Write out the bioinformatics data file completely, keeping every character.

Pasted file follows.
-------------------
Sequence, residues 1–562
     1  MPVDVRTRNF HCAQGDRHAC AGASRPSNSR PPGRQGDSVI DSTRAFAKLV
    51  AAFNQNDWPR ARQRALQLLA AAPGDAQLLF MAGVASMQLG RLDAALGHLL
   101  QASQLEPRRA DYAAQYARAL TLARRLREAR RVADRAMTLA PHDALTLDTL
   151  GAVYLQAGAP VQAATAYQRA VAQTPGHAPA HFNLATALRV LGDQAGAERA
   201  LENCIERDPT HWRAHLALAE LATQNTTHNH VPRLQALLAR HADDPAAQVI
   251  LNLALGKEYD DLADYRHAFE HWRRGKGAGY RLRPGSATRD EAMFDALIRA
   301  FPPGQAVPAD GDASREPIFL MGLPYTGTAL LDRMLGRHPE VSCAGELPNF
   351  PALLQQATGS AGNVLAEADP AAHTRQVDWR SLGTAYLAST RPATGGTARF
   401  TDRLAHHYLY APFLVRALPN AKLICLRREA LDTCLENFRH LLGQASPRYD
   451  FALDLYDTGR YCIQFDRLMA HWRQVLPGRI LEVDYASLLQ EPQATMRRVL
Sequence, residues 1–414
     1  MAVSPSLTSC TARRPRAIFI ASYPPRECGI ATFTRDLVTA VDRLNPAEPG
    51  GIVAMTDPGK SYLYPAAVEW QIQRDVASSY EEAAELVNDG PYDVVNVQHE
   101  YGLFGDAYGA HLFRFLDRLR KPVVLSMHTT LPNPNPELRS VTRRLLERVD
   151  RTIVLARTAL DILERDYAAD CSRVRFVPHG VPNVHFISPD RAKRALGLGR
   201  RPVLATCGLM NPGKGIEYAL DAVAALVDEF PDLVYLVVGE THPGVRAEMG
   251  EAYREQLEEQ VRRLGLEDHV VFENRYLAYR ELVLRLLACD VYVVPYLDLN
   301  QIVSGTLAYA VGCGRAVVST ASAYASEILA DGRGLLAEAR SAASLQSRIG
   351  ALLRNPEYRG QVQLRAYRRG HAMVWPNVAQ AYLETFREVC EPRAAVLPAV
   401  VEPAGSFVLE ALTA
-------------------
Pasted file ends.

Sequence, residues 1–562
     1  MPVDVRTRNF HCAQGDRHAC AGASRPSNSR PPGRQGDSVI DSTRAFAKLV
    51  AAFNQNDWPR ARQRALQLLA AAPGDAQLLF MAGVASMQLG RLDAALGHLL
   101  QASQLEPRRA DYAAQYARAL TLARRLREAR RVADRAMTLA PHDALTLDTL
   151  GAVYLQAGAP VQAATAYQRA VAQTPGHAPA HFNLATALRV LGDQAGAERA
   201  LENCIERDPT HWRAHLALAE LATQNTTHNH VPRLQALLAR HADDPAAQVI
   251  LNLALGKEYD DLADYRHAFE HWRRGKGAGY RLRPGSATRD EAMFDALIRA
   301  FPPGQAVPAD GDASREPIFL MGLPYTGTAL LDRMLGRHPE VSCAGELPNF
   351  PALLQQATGS AGNVLAEADP AAHTRQVDWR SLGTAYLAST RPATGGTARF
   401  TDRLAHHYLY APFLVRALPN AKLICLRREA LDTCLENFRH LLGQASPRYD
   451  FALDLYDTGR YCIQFDRLMA HWRQVLPGRI LEVDYASLLQ EPQATMRRVL
Sequence, residues 1–414
     1  MAVSPSLTSC TARRPRAIFI ASYPPRECGI ATFTRDLVTA VDRLNPAEPG
    51  GIVAMTDPGK SYLYPAAVEW QIQRDVASSY EEAAELVNDG PYDVVNVQHE
   101  YGLFGDAYGA HLFRFLDRLR KPVVLSMHTT LPNPNPELRS VTRRLLERVD
   151  RTIVLARTAL DILERDYAAD CSRVRFVPHG VPNVHFISPD RAKRALGLGR
   201  RPVLATCGLM NPGKGIEYAL DAVAALVDEF PDLVYLVVGE THPGVRAEMG
   251  EAYREQLEEQ VRRLGLEDHV VFENRYLAYR ELVLRLLACD VYVVPYLDLN
   301  QIVSGTLAYA VGCGRAVVST ASAYASEILA DGRGLLAEAR SAASLQSRIG
   351  ALLRNPEYRG QVQLRAYRRG HAMVWPNVAQ AYLETFREVC EPRAAVLPAV
   401  VEPAGSFVLE ALTA